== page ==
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These Photos Show How A Major Oil Spill In California Has Blackened Beaches As Workers Race To Clean The Mess

Over the weekend, California experienced an environmental disaster after a major oil spill off the coast of Orange County.

Posted on October 5, 2021, at 4:46 p.m. ET

California officials have been racing to contain a major oil spill off the coast of Orange County that occurred when a ruptured pipeline sent at least 126,000 gallons of crude into the water.

Officials were investigating whether a ship's anchor may have been to blame for the rupture over the weekend, and said Monday that the size of the spill may rise to 144,000 gallons of crude, which has reached shorelines and state parks. With oil slicks intruding on wetlands and preserves, Gov. Gavin Newsom declared a state of emergency to assist with cleanup efforts.

Here's a look at the disaster and how people are trying to contain it:

Closeup view of the beach with black oil mixed in with sand
Wally Skalij / Los Angeles Times via Getty Images

People walk the beach as oil residue mixes with sand after a huge spill off the coast of Bolsa Chica State Beach, Oct. 4.

Young man arranges signs on the beach warning against swimming
Ringo H.W. Chiu / AP

Lifeguards prepare to post signs warning that water contact may cause illness, as they close the beach following an oil spill in Huntington Beach, Oct. 3, 2021.

A cleanup worker wears a life vest and coveralls covered with dark residue from the oil spill
Mario Tama / Getty Images

A worker in a protective suit cleans oil in the Talbert Marsh wetlands after a 126,000-gallon oil spill from an offshore oil platform on Oct. 4 in Huntington Beach.

A tool for cleanup is covered in gooey remnants from the oil spill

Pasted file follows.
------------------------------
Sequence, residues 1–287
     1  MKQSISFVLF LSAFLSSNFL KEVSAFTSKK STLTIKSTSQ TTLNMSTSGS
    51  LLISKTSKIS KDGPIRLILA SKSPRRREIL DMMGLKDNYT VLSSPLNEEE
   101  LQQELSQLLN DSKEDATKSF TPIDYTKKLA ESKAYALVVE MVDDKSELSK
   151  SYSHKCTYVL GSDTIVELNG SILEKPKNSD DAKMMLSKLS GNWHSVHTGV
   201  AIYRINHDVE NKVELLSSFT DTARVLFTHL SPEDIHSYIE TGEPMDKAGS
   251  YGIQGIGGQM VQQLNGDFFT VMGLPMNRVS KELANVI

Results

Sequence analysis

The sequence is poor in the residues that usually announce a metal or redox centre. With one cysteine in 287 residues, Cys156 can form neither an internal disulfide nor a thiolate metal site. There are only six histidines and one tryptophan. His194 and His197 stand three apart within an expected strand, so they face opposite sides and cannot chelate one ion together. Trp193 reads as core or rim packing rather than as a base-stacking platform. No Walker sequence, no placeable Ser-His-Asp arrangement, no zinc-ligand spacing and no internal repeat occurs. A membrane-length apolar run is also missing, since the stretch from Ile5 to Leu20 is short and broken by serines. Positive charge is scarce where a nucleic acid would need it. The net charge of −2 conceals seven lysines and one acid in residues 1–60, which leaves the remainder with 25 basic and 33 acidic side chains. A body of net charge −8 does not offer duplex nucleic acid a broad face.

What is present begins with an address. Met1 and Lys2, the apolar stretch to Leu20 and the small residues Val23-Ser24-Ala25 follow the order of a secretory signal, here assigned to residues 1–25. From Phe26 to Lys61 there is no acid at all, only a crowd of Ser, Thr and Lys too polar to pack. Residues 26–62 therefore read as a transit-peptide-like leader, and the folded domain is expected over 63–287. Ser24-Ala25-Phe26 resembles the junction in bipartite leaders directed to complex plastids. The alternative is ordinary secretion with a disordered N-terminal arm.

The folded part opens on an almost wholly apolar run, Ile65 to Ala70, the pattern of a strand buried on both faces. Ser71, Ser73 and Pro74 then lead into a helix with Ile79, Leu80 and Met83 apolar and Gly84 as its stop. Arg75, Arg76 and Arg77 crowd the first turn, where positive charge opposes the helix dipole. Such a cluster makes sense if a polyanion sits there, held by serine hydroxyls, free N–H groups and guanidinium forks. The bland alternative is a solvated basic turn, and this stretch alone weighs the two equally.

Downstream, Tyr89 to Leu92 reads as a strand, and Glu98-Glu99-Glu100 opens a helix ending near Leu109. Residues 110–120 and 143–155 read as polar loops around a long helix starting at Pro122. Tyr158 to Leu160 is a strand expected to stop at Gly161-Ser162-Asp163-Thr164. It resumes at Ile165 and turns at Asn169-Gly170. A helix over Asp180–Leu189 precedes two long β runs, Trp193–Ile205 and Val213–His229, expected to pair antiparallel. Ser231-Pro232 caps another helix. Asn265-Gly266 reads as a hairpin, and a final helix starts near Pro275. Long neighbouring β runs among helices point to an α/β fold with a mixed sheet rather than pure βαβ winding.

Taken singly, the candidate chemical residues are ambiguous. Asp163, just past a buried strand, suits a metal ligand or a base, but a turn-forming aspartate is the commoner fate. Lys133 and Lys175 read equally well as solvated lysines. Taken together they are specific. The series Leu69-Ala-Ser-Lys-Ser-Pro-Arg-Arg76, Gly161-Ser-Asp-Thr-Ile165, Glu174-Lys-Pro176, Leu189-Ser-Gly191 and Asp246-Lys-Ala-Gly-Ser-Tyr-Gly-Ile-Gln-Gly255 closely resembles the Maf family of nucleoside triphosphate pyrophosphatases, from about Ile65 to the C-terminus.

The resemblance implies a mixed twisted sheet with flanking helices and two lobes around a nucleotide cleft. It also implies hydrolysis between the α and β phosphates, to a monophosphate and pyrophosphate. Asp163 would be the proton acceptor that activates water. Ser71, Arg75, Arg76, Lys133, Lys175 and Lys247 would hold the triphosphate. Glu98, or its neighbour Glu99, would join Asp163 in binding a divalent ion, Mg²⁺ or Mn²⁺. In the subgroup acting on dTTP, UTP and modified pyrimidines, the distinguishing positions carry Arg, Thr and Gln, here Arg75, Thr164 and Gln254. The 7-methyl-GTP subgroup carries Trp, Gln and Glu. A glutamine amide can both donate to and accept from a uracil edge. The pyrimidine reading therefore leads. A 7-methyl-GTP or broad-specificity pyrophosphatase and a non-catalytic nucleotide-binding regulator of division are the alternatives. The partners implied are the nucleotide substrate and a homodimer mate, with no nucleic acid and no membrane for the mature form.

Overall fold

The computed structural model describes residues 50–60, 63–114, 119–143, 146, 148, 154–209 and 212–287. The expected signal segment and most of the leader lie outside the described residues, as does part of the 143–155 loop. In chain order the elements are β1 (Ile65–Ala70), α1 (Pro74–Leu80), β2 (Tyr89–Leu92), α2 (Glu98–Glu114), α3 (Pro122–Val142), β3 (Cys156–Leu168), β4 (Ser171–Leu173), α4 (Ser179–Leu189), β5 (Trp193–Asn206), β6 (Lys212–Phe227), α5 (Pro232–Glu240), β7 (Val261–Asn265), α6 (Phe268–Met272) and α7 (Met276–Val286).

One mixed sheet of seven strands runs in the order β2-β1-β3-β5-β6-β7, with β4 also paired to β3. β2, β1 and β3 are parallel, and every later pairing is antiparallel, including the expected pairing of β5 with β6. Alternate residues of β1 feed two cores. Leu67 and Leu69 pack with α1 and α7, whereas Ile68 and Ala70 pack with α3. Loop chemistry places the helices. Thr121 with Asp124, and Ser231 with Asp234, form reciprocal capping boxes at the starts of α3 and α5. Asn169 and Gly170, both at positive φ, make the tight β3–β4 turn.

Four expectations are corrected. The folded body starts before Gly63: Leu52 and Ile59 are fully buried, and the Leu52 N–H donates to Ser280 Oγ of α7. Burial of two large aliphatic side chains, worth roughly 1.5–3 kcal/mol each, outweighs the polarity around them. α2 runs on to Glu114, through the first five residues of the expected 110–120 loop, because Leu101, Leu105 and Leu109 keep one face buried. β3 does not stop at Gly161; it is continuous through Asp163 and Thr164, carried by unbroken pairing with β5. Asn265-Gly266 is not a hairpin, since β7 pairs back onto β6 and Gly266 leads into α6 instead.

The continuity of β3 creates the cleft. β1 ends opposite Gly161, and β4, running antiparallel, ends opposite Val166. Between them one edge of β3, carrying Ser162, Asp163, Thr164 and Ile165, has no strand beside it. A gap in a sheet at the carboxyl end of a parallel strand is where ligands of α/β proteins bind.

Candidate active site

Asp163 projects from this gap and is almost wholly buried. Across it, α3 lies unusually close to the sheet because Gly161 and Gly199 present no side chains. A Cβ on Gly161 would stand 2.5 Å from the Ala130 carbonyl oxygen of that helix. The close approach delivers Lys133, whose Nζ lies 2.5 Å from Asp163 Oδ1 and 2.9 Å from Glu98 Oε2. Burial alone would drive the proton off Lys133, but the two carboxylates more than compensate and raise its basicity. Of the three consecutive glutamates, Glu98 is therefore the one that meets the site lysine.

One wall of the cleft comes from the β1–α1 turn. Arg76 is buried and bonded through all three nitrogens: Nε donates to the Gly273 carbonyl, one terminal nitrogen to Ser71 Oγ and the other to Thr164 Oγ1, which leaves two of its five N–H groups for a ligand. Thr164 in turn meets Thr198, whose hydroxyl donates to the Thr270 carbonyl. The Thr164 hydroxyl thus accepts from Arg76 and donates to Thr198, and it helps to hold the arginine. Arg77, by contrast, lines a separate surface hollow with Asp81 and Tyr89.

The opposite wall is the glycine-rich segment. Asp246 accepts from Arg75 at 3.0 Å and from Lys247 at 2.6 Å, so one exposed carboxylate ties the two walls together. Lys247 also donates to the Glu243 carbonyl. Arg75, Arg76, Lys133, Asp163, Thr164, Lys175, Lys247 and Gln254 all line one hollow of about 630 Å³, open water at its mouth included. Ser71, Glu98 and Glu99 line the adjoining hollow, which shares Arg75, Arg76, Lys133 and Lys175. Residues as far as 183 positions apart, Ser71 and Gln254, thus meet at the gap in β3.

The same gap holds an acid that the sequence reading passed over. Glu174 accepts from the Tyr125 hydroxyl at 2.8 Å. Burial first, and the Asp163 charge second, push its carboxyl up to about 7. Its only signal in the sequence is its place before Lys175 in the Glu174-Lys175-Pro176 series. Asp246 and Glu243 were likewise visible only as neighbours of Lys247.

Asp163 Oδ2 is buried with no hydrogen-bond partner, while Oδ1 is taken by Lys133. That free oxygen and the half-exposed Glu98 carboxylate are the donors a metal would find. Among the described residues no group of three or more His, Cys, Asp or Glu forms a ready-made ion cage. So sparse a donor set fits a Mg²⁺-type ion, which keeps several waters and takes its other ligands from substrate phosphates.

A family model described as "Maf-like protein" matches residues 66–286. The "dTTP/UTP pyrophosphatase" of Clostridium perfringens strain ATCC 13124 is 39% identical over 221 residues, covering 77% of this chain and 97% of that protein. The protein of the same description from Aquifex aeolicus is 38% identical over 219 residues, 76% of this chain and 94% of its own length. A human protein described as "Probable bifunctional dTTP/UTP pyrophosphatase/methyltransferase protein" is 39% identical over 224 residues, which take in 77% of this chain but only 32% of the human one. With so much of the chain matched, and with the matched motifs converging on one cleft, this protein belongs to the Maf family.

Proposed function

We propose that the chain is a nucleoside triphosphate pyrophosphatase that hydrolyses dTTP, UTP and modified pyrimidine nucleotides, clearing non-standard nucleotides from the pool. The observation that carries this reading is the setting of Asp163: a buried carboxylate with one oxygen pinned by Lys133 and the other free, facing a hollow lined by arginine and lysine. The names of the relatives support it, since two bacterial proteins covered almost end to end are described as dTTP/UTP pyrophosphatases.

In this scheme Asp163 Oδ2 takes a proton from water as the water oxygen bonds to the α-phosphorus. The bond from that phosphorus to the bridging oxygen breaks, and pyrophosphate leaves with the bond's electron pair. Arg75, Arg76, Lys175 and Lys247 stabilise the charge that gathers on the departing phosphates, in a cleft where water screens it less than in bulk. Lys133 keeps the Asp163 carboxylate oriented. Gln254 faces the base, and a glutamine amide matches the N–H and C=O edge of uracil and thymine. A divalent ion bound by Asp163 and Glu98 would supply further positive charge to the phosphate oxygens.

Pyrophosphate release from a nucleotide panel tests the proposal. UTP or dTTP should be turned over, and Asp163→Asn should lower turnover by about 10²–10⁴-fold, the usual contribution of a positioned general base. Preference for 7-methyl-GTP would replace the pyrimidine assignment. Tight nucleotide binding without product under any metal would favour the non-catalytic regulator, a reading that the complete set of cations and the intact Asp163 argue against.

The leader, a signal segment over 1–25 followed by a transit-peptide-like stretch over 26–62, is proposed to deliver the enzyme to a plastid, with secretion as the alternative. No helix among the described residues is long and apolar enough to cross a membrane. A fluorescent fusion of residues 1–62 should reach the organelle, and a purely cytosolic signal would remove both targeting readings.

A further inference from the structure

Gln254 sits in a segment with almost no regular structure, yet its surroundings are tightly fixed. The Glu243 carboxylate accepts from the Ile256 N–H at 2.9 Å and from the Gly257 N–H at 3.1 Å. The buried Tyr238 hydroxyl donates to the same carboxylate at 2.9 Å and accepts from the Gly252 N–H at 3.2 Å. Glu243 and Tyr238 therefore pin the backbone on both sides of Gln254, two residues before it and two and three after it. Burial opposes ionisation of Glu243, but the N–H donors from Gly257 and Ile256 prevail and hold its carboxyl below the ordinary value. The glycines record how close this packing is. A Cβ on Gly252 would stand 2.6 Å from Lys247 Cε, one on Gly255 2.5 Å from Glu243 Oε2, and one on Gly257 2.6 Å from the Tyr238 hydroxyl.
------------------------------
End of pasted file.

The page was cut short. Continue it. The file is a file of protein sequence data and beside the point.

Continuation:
Ringo H.W. Chiu / AP

A cleanup contractor uses a skimmer after an oil spill in Huntington Beach, Oct. 3.

A seagull is seen picking apart a dead fish on the beach
Patrick T. Fallon / AFP via Getty Images

A seagull eats a dead fish on the beach after an oil spill off Huntington Beach on Oct. 4.

Gloved hands hold a small bird that is covered in oil from the oil spill
Allen J. Schaben / Los Angeles Times via Getty Images

Dr. Duane Tom of Oiled Wildlife Care Network, UC Davis, inspects an oiled Sanderling shorebird at the Wildlife & Wetlands Center in Huntington Beach, Oct. 4.

A wave approaches the blackened beach in California as oil drifts in from the spill
Mario Tama / Getty Images

In an aerial view, shorebirds feed amid oil contaminating Huntington State Beach after the oil spill off Huntington Beach.

A man holds an oil globule larger than his hand that was found on the beach
Allen J. Schaben / Los Angeles Times via Getty Images

Greg Boston of Newport Beach holds a large globule of oil he picked up from the sand on Huntington State Beach, Oct. 4.

MediaNews Group via Getty Images

Oil covers rocks and grasses at Talbert Marsh in Huntington Beach on Oct. 4.

Workers in skiffs navigate oil-filled waters and attempt to clean up the mess from the oil spill
Ringo H.W. Chiu / AP

Cleanup contractors deploy skimmers and floating barriers known as booms to try to stop further oil crude incursion into the Talbert Marsh wetlands in Huntington Beach, Oct. 3.

Ringo H.W. Chiu / AP

Cleanup contractors deploy skimmers and floating barriers known as booms to try to stop further oil crude incursion into the Talbert Marsh wetlands in Huntington Beach, Oct. 3.

Ringo H.W. Chiu / AP

Oil washes up on Huntington Beach, on Oct. 4.

Patrick T. Fallon / AFP via Getty Images

A surfer whose surfboard is covered in oil residue walks away from the shoreline, where environmental response crews are cleaning up after an oil spill of Huntington Beach, on Oct. 4.

The carcass of a large fish, its skull visible, lies on blackened sand
Allen J. Schaben / Los Angeles Times via Getty Images

One of many dead fish washes ashore on the border of Huntington Beach and Newport Beach at the Santa Ana River Jetties, Oct. 4.


A BuzzFeed News investigation, in partnership with the International Consortium of Investigative Journalists, based on thousands of documents the government didn't want you to see.